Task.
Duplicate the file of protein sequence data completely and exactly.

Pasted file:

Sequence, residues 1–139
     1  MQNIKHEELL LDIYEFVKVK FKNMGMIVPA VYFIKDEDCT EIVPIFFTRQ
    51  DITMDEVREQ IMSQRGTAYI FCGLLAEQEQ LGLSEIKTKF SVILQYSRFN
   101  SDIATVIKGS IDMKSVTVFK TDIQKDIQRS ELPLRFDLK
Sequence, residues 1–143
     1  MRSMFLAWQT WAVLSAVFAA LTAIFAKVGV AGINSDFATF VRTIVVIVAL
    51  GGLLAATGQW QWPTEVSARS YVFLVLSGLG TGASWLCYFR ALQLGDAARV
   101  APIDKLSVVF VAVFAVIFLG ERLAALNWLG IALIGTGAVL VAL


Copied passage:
Sequence, residues 1–139
     1  MQNIKHEELL LDIYEFVKVK FKNMGMIVPA VYFIKDEDCT EIVPIFFTRQ
    51  DITMDEVREQ IMSQRGTAYI FCGLLAEQEQ LGLSEIKTKF SVILQYSRFN
   101  SDIATVIKGS IDMKSVTVFK TDIQKDIQRS ELPLRFDLK
Sequence, residues 1–143
     1  MRSMFLAWQT WAVLSAVFAA LTAIFAKVGV AGINSDFATF VRTIVVIVAL
    51  GGLLAATGQW QWPTEVSARS YVFLVLSGLG TGASWLCYFR ALQLGDAARV
   101  APIDKLSVVF VAVFAVIFLG ERLAALNWLG IALIGTGAVL VAL